Quality of Death - End of Life Care: Inside Out
Entrants: Rachel Gotbaum, Anna Bensted and George Hicks
Place: First Place
Provide a brief synopsis of the story or stories, including any significant findings.
In the public radio documentary "Quality of Death-End of Life Care: Inside Out," reporter Rachel Gotbaum explores a health care system in which more care is considered better care. But does a booming aging population in the US combined with an endless array of medical interventions place too much stress on our health care budget and on our sickest patients? When asked, most Americans say they want to die at home surrounded by family, yet the majority of us die in hospitals and other institutions, often in pain and alone. Medical care at the end of life accounts for one third of all Medicare spending, yet such spending and extensive treatment can easily decrease a patient's quality of life, and thus, their quality of death. Gotbaum reports on why so many medical interventions occur right up to the last minutes of life. She explores how patients and their families grapple with end of life care decisions and how doctors are trained to focus on extending survival rather than helping their patients plan for the remainder of their lives.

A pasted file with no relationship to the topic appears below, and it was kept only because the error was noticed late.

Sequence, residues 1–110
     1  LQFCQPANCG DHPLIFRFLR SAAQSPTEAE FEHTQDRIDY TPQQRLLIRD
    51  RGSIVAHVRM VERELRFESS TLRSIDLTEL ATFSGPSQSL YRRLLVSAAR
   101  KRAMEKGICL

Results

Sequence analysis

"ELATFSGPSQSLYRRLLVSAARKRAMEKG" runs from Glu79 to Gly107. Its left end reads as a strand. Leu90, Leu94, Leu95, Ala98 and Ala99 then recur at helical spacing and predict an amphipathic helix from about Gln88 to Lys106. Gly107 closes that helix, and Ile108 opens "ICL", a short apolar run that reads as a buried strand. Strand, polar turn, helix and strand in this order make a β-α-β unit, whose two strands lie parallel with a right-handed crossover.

Judges' comments: "Quality of Death" is fascinating, with compelling sound and characters. I found myself sitting in my parked car not wanting to turn it off. I think this topic is often overlooked, and perhaps this piece will encourage families to talk about end-of-life issues before the critical moments when emotions and stress take over... and share those conversations with their physicians. More care is NOT always better care and this piece offered an insightful look into costs, ethics and real-life accounts that are bound to make listeners ponder some serious questions. The characters and the comprehensiveness of the story won me over.
See the archived story and the questionnaire in which the reporter writes about how this story was written.